Learning the art of sweetgrass basketry
Published on Tuesday, Jan. 21, 2020
Sweetgrass basket-making is an art form unique to the Lowcountry, and Howe Hall AIMS third-graders got to create their own works of art last week.
With help from Henrietta Snype, who spent a week visiting the school, the students created baskets, ornaments and pendants for necklaces – and it all ties into local history they have been learning at school.
Snype was born and raised in Mt. Pleasant and learned how to weave baskets at the age of 7 from her mother, Mary Mazyck. Snype’s grandmother, Elizabeth Johnson, was also a basket-weaver. Snype has passed the art form down to her children and grandchildren.
She also enjoys introducing the art to local students. She has been visiting schools for 30 years to teach the craft. This was her fourth year at Howe Hall AIMS.
Snype spent a week with the students. On Jan. 17 she helped them finish up their artwork.
“They’ve come a long way this week,” she said.
Sweetgrass basket-making ties into South Carolina history, which third-graders are learning about in their social studies class. Baskets are made from palmetto leaves, sweetgrass, bulrush and long leaf pine needles.
In addition to scissors, Snype used a tool called a nailbone to help the students make their items. A nailbone is the handle of a spoon or fork that has been filed to form a point. Historically the actual bones of animals were used to create the tool – hence the name.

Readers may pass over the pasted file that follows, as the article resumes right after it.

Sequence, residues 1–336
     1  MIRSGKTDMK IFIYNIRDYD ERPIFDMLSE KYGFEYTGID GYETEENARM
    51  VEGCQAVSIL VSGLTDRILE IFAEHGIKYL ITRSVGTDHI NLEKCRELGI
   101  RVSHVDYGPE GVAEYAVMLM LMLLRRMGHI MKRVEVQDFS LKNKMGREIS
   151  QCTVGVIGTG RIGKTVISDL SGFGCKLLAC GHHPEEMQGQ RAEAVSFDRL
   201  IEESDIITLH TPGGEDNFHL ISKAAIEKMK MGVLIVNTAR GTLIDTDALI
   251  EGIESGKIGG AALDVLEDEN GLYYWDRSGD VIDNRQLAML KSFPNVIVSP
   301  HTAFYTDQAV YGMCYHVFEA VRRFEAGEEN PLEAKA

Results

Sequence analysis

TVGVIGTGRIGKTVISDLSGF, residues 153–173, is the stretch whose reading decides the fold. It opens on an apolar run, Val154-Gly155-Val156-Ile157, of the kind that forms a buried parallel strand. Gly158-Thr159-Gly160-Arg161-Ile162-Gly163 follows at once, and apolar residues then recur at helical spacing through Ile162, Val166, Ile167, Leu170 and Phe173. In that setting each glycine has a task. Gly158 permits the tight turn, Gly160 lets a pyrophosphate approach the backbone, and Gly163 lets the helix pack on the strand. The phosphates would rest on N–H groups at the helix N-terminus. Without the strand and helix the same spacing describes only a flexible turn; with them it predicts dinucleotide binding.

Sweetgrass basketry is one of the oldest surviving African art forms in the United States. Sweetgrass basket-making can be traced back to the Wolof people of Senegal who weave a similar style of baskets. The coiled basket is an example of African cultural heritage that has survived the Trans-Atlantic slave trade. Africans from the coast of West Africa had knowledge of rice cultivation and were particularly sought after in the Lowcountry. These people brought with them culture, art and wisdom and would later become the Gullah/GeeChee. The Gullah/GeeChee corridor stretches from Cape Fear, North Carolina to Jacksonville, Fla., reaching 30 miles inland along the way.
Snype’s work has been featured across the world and in the Smithsonian Institute. Snype said with lots of local development going on, sweetgrass is becoming scarce; her hope is that students learn to appreciate the art form.
“This is the only place to find this (sweetgrass),” she said.
Maria Earl, third-grade teacher at Howe Hall AIMS, said third-graders just completed their Applied Geography unit on climates and biomes of the world, and the six regions of South Carolina. This mini unit focuses on South Carolina’s coastal zone and how this artwork uses now-scarce natural resources.
Students will connect this local issue with the upcoming Applied Geography unit on natural disasters and human-caused disasters.
“They’re going to try to develop solutions to that,” Earl said.
Students will focus on spreading awareness, creating empathy, and designing solutions, in order to preserve both the natural resources and the cultures and artistry that employ them.
“This was a good tie-in,” she said, adding third-graders will carry this knowledge into fourth grade, when they learn about the triangular trade.